British Companies Avoid Taking Sides in the Debate Over an E.U. Exit

Steven Woolfe, a British member of the European Parliament, concedes that he should have checked his facts before setting off a social media campaign against one of Britain’s leading supermarket chains.

But when Mr. Woolfe, who wants Britain to leave the European Union, last year mistakenly accused the chain, Sainsbury’s, of bankrolling those who want to remain in the bloc — using the hashtag #ShameOnYouSainsburys — the company quickly sprang into action Folk Fests.

Within hours, it had contacted his office, insisting that it was not funding either side in the debate, stating that it had no plans to do so and requesting that he correct his message.

Mr. Woolfe, a member of the U.K. Independence Party, did just that, but also drew a lesson — one that could have a big impact ahead of a British referendum on June 23 on whether to leave the bloc. Polls suggest the vote could be close.
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Carolyn McCall, the chief executive of EasyJet, has suggested that a vote for Britain to leave the European Union could mean a return to the days when flying was “reserved for the elite.” Credit Andrew Testa for The New York Times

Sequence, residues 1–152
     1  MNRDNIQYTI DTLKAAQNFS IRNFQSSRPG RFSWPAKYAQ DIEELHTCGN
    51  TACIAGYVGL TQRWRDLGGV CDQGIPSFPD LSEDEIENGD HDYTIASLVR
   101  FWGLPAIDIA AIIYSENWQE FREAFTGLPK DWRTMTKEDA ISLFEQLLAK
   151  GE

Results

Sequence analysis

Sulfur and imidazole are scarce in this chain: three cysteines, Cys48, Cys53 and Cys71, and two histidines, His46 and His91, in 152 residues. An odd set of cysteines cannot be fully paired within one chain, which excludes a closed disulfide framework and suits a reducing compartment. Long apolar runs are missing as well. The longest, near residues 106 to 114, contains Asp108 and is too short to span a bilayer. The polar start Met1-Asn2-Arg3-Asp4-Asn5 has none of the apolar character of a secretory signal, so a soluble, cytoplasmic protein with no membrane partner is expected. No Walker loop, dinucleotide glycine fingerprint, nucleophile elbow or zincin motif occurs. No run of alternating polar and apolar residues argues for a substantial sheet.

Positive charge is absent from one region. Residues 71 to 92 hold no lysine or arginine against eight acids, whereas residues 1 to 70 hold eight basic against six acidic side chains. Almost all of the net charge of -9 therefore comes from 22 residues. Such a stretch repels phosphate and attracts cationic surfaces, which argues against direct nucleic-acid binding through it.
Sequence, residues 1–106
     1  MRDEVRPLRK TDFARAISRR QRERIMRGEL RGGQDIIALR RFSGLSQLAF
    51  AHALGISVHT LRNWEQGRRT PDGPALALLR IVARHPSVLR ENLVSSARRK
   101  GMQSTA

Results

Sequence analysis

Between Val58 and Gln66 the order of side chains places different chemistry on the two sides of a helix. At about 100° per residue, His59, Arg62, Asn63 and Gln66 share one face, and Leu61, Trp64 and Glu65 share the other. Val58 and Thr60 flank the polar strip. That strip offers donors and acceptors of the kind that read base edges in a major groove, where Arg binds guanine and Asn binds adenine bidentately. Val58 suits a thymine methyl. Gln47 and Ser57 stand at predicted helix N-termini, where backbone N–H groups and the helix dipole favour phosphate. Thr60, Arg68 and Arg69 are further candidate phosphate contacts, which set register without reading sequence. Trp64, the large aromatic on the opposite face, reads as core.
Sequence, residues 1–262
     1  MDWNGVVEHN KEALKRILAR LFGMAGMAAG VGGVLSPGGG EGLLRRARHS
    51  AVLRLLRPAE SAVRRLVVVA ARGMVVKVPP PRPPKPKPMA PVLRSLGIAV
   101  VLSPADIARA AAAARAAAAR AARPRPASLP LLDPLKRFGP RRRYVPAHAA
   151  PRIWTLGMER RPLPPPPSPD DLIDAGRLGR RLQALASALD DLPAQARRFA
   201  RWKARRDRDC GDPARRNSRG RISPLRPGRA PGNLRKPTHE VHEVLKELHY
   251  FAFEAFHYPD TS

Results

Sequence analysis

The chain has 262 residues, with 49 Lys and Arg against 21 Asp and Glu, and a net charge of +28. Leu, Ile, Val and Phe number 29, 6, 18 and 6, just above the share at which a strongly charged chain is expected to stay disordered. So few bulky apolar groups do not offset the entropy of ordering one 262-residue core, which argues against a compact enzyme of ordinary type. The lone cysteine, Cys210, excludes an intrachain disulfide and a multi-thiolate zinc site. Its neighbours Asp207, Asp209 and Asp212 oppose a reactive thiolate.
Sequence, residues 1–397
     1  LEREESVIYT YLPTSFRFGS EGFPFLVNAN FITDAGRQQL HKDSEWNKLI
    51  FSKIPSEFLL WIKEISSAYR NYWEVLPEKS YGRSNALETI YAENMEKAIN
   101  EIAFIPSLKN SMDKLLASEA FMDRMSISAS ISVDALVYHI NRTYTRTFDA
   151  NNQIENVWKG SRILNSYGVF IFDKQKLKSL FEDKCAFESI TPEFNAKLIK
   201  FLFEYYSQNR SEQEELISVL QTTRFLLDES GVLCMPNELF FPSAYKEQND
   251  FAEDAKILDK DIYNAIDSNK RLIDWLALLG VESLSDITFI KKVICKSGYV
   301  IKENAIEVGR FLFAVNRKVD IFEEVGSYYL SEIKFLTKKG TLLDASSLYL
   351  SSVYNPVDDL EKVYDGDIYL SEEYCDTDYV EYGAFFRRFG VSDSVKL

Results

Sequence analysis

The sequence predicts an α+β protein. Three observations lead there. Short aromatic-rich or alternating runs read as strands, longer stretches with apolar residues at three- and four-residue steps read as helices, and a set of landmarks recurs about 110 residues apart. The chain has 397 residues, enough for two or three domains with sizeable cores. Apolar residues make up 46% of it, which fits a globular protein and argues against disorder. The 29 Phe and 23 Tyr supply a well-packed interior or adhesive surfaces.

“I think that was a wonderful piece of true consumer democracy,” he said, recalling the episode. He added that companies must appreciate that they face a backlash if they speak out on the issue of British membership of the union.

Many already seem to have gotten his point.

Concerns about taking sides on this divisive issue are prompting a significant number of high-profile companies to lie low. They worry that expressing any opinion about staying in the bloc or leaving could lead to backlash from customers or shareholders who hold the opposing view, or even split their own boardrooms.

That reticence is creating a challenge for the government of Prime Minister David Cameron and other groups campaigning to keep Britain inside the bloc. They had hoped that unambiguous support from businesses would highlight the economic risks to Britain of breaking away from the European Union and help persuade wavering voters to oppose withdrawal.
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Many British companies have a direct interest in staying, particularly if they import from or export to the bloc’s single market of around 500 million people, to which Britain currently has automatic access. Multinational businesses that have made Britain an important hub for their European and global operations are similarly concerned. Other companies fret that a vote to leave would destabilize financial markets.

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